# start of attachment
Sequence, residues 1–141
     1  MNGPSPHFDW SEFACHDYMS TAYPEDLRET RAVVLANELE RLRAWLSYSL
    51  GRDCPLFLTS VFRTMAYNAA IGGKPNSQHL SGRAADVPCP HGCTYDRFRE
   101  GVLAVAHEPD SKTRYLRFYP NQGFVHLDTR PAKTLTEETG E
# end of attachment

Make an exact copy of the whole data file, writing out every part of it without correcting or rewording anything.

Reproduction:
Sequence, residues 1–141
     1  MNGPSPHFDW SEFACHDYMS TAYPEDLRET RAVVLANELE RLRAWLSYSL
    51  GRDCPLFLTS VFRTMAYNAA IGGKPNSQHL SGRAADVPCP HGCTYDRFRE
   101  GVLAVAHEPD SKTRYLRFYP NQGFVHLDTR PAKTLTEETG E